It is apparent that the same path to tax reduction is the same path to reducing your carbon footprint. Should you be concerned about either? Only if you are grasping for money or air. But some people take pride in their ability to survive independently. The reality however is that labour specialisation is not a 'sin', but rather a very productive and meaningful way for people to relate to each other. Trade is based on the mutual respect of each others contribution. i.e. Value for value. Compare that with the grudging annual tradition of exchanging unwanted Xmas presents, or the passing off of presents you don't want, or the resentment felt by some having to race through crowded shops to please indifferent souls. Is it all worth it? No. Just do what is natural and you will be far happier. An economy structured on the basis of some arbitrary government policy is destined to make you unhappy.

Check out how much tax New Zealanders pay on petrol - 58c in the litre - that's about one-third of the final retail cost.

None of these suggestions is going to greatly contribute to the NZ economy. I would however argue that any (and every) country that considers you a slave to the interests of those who need you, ought to treat you with more respect. The unconditional extortion of wealth from those who possess it is surely the reason why social values are in their current state. Such is the nature of altruism. Unconditional value judgements = non-accountability.


'Buying NZ Property – Download the free sample readings!

NZ presents some of the most alluring property in the Western World; particularly given the greater easy of residency, the low cost of property, and the liveability of the country. In addition, there is no capital gains tax, transfer taxes, VAT/GST or wealth taxes in NZ, so rest assured that NZ property is tax-effective! Learn more now!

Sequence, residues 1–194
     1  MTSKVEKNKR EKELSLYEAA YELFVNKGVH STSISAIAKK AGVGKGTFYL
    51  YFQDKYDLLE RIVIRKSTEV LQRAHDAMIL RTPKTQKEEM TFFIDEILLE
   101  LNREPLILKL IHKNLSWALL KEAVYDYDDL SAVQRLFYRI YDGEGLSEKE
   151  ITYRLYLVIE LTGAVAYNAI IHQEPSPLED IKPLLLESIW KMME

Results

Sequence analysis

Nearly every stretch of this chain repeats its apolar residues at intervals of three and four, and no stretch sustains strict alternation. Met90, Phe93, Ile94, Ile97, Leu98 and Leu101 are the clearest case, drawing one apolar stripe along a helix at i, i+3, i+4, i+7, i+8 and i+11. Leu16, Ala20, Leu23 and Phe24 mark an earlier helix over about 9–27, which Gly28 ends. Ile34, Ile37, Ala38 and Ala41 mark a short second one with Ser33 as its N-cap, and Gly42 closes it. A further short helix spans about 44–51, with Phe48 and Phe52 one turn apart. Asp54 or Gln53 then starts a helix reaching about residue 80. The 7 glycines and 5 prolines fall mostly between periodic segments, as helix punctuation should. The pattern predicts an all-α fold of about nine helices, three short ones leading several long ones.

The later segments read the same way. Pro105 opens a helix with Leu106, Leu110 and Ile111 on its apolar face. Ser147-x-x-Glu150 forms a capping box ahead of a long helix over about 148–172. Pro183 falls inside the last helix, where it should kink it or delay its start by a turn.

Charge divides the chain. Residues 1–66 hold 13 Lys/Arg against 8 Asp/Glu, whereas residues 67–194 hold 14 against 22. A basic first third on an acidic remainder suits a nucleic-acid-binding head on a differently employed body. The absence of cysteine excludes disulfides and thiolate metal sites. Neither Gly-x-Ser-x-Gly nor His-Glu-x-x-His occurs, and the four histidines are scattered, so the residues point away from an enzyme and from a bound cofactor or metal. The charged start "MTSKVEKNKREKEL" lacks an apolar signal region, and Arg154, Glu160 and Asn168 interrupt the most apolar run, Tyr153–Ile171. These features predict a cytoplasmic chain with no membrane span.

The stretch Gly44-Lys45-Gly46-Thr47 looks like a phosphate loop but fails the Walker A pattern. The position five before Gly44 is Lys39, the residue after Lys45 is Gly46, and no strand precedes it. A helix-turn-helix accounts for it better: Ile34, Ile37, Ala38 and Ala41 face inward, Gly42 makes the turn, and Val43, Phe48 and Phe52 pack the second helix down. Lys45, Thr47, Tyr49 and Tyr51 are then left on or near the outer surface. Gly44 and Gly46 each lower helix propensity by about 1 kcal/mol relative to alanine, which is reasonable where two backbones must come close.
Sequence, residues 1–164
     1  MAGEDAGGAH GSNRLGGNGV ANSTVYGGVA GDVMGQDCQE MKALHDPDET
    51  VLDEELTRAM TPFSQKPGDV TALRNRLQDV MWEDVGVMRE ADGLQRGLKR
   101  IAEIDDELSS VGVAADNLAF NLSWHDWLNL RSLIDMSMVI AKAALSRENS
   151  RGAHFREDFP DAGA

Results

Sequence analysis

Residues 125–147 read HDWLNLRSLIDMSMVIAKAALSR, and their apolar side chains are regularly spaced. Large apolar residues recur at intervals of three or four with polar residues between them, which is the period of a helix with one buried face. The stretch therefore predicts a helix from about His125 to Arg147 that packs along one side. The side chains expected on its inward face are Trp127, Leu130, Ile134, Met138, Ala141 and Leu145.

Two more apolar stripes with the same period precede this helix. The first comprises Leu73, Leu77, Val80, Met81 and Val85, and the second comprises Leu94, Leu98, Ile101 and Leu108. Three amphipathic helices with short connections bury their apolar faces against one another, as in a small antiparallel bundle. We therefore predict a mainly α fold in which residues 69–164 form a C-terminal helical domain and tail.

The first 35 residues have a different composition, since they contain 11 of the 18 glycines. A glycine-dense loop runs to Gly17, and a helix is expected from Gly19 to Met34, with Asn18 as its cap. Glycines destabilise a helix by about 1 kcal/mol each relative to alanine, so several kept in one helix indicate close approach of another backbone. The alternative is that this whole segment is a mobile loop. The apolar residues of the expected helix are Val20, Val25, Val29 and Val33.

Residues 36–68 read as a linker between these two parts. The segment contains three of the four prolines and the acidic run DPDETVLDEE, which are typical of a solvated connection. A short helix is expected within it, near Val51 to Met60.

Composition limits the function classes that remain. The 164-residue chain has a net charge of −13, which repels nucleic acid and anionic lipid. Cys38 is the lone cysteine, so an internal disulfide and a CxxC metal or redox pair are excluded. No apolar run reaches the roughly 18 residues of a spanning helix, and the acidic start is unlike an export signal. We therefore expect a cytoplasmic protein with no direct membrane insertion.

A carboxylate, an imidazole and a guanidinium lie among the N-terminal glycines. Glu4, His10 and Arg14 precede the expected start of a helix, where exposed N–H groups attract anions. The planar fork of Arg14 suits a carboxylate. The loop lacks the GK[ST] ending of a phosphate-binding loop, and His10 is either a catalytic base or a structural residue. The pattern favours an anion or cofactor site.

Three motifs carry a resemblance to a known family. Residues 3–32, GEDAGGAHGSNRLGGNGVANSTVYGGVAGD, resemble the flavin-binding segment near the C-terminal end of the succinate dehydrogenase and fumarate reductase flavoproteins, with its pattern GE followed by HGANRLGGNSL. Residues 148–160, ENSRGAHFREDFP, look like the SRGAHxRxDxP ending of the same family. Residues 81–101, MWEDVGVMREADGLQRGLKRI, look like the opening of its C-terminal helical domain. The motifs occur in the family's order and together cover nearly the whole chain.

New Zealand Property Report 2010 - Download the table of contents or buy this 180-page report at our online store for just $US19.95.


Japan Foreclosed Property 2011 -2012 - Buy this 4th edition report!

Are you aware that you can buy a house & lot in Japan for as little as $10,000. Surprising but true! Japan is a large market, with a plethora of cheap properties up for auction by the courts. Few other Western nations offer such cheap property so close to major infrastructure. Japan is unique in this respect, and it offers such a different life experience, which also makes it special. Some property is in rural areas subject to depopulation, but there are plenty of properties in the cities too. I bought a dormitory 1hr from Tokyo for just $US30,000.
You can view foreclosed properties listed for as little as $US10,000 in Japan thanks to depopulation and a culture that is geared towards working for the state. I bought foreclosed properties in Japan and now I reveal all in our expanded 200-page report. The information you need to know, strategies to apply, where to get help, and the tools to use. We even help you avoid the tsunami and nuclear risks since I was a geologist/mining finance analyst in a past life. Check out the "feedback" in our blog for stories of success by customers of our previous reports.